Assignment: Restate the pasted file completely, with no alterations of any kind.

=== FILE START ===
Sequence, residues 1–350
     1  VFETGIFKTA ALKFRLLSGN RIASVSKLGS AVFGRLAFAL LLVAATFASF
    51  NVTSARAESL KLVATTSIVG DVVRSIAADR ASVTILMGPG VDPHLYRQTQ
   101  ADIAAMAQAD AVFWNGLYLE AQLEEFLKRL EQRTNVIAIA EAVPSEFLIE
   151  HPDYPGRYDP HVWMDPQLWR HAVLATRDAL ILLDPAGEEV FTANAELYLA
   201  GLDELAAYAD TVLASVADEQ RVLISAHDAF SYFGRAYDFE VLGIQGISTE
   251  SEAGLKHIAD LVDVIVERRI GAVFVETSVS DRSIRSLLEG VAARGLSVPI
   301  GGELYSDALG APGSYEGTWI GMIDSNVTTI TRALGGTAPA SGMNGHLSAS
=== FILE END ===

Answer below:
Sequence, residues 1–350
     1  VFETGIFKTA ALKFRLLSGN RIASVSKLGS AVFGRLAFAL LLVAATFASF
    51  NVTSARAESL KLVATTSIVG DVVRSIAADR ASVTILMGPG VDPHLYRQTQ
   101  ADIAAMAQAD AVFWNGLYLE AQLEEFLKRL EQRTNVIAIA EAVPSEFLIE
   151  HPDYPGRYDP HVWMDPQLWR HAVLATRDAL ILLDPAGEEV FTANAELYLA
   201  GLDELAAYAD TVLASVADEQ RVLISAHDAF SYFGRAYDFE VLGIQGISTE
   251  SEAGLKHIAD LVDVIVERRI GAVFVETSVS DRSIRSLLEG VAARGLSVPI
   301  GGELYSDALG APGSYEGTWI GMIDSNVTTI TRALGGTAPA SGMNGHLSAS